The Ketchum Ranger District of the U.S. Forest Service, in tandem with Sun Valley Resort, is proceeding with a large-scale tree-thinning project on Bald Mountain that was started in June.
By the end of the summer, up to 25 acres in Frenchman’s area of Baldy should be thinned out. The entire project will take several years, with 182 acres of thinning planned over a three- to five-year period.
Following wildfires in the region over the past decade, the mountain’s Douglas fir population has been hit by an increase in Douglas-fir beetles combined with parasitic dwarf mistletoe. The thinning project will dispose of many dead and living trees on the mountain and aims to preserve healthy existing trees by inducing crown separation by 20 to 25 feet, according to Kurt Nelson, Ketchum district ranger.
The secondary goal is to create a glade-skiing environment for winter recreationists with spaced-out trees on the ski slopes, according to Jack Sibbach, Sun Valley Resort’s director of marketing and public relations.
Douglas fir, aspen and alpine fir are targets for thinning. The resort is renting a track hoe with a special “masticator” blade. It’s fitted with a specially designed headpiece and cage for the operator, for the challenges of Baldy’s steep terrain, according to Peter Stearns, director of mountain operations for the resort. The masticator can fell trees that have a 14-inch diameter or less, and quickly turn them into mulch across the forest floor to decompose on site. Larger trees will have to be cut down with a chainsaw later on.
Operator of the masticator is Kerry O’Brien, grooming trail crew manager on the mountain for over 30 years. He’s picking and choosing which trees to fell and which to preserve, in the spirit of maintaining the healthiest-looking specimens.
“The goal is to keep the mountain as green as possible,” Nelson said.
Unfortunately, the mountain’s greenery is marred by the site of browning trees. Baldy has become an “ideal site” for the beetle to reach epidemic proportions, Nelson said at an on-site press conference on Tuesday. While woodpeckers and other insects reduce the beetle population on a smaller scale, it’s not fast enough to keep up with the beetle’s increasing population. The beetle bores into the Douglas fir’s trunk and feeds on the nutrient-rich phloem, according to Forest Health Protection-Boise representative Joel McMillin, and effectively girds the tree.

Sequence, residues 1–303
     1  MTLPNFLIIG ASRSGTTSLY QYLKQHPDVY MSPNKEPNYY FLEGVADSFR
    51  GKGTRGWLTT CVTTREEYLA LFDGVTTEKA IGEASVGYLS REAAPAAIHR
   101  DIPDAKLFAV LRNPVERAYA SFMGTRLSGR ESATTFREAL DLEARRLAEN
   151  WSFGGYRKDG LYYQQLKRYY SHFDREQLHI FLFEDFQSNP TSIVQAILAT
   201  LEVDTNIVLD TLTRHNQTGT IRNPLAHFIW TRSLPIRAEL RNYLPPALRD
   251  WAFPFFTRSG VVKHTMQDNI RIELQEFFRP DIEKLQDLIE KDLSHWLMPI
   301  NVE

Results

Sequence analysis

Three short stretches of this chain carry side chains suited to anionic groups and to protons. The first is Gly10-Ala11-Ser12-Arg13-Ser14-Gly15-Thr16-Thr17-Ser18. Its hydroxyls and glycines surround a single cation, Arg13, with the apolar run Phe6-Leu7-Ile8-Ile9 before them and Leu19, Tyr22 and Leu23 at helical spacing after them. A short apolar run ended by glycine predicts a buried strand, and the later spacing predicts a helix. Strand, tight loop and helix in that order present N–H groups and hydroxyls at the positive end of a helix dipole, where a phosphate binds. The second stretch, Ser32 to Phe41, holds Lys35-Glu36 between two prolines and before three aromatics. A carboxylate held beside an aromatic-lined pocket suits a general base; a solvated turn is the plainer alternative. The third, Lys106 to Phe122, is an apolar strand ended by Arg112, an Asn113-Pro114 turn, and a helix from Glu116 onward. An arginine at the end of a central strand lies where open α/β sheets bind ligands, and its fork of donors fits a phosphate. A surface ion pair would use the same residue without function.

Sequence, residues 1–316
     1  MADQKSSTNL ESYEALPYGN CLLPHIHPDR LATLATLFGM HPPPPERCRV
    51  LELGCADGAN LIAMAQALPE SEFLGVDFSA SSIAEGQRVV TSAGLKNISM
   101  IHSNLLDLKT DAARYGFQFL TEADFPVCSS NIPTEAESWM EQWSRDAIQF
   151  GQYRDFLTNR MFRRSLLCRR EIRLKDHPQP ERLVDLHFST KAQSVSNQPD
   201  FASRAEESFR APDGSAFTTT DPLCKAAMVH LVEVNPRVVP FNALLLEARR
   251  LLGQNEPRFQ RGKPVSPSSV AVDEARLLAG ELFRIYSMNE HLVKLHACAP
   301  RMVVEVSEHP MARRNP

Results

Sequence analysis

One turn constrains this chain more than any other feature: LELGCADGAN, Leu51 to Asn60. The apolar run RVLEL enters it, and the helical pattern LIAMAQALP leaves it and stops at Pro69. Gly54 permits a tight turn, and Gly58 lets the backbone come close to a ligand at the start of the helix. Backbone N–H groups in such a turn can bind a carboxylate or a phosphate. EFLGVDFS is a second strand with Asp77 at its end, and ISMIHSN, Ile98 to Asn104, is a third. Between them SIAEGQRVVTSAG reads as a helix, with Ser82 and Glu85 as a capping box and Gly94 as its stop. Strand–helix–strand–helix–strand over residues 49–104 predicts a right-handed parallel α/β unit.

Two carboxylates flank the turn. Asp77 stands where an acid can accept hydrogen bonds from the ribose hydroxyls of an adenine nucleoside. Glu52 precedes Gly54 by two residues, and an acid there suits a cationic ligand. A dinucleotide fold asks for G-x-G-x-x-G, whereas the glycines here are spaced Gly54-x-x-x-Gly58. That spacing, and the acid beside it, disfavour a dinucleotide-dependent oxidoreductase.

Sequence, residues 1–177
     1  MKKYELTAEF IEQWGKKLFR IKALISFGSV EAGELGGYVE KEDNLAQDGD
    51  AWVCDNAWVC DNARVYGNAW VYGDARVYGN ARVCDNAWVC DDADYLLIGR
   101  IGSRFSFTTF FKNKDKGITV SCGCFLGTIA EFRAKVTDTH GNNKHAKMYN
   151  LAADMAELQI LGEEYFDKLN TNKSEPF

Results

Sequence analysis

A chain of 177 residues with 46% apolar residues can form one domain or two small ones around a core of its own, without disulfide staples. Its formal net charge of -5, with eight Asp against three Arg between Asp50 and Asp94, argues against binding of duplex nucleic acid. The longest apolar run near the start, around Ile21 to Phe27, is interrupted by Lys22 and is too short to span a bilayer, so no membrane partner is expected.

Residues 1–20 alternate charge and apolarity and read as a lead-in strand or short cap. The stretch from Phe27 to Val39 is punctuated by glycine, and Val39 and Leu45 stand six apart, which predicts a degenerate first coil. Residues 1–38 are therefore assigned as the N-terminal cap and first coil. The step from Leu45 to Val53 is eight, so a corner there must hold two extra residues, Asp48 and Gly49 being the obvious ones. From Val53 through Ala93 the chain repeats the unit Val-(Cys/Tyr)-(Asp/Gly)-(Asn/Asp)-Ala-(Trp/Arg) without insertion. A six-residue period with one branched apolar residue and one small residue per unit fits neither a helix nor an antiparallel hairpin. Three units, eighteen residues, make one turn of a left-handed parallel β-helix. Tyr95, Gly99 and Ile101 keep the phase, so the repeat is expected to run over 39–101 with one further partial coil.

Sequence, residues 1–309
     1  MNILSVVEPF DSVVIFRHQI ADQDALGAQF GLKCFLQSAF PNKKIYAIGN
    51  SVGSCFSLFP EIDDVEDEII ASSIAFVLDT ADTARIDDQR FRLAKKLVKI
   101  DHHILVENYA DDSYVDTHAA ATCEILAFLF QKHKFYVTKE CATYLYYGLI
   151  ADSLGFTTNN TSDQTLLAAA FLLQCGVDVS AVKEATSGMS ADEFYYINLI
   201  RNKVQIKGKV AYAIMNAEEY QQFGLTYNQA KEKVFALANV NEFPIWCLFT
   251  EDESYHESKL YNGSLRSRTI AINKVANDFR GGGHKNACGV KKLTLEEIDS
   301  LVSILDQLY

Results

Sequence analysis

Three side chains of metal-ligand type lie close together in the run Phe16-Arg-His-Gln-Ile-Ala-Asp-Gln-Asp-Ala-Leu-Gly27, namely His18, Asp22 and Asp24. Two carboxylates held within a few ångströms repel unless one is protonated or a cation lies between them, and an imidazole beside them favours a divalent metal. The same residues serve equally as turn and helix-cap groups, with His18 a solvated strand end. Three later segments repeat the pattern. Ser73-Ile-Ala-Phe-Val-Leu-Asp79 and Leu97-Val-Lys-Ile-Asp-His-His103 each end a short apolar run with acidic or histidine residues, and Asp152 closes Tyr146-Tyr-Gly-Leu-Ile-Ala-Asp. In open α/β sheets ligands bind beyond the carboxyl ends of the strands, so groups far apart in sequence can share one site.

Over the past few years, with the native tree population declining, the rangers have undertaken initiatives to contain the growth of the beetle population that rely on the beetle’s pheromones—their way of communicating with each other, according to Jim Rinehoft, forester with the Sawtooth National Recreation Area.
There are two pheromones the beetles produce: aggregative, for attracting more beetles, and anti-aggregative, for dispelling beetles. Forest health groups have worked on two efforts to decrease the beetle population on Baldy, using formulas of the hormone MCH, which reproduces the anti-aggregative hormone. The presence of MCH tells incoming beetles to bypass that tree. One method was applying bubble caps with the hormone to tree trunks and another was dispensing aerial microchips of MCH from helicopters. Both these methods targeted smaller stands—a term to classify clusters of trees—while O’Brien will thin out stands in order to give trees a healthier environment that will protect them against invaders.
Trees with dwarf mistletoe, a parasitic plant that resembles a bush around the branches of host trees, are specifically targeted by the beetles because they’ve already been weakened, Nelson said.
The project’s cost hasn’t been estimated yet, but O’Brien says it’ll be cheaper for him to do it as a one-man team rather than contracting the work out. It has multiple funding partners, including Sun Valley Resort and grants from the forest health protection and fuels management program, two branches of the U.S. Forest Service.
While there have been hand-thinning projects over the years, this is the first time a masticator has been brought up the mountain, O’Brien said.
“We’re grateful for this partnership,” Sibbach said.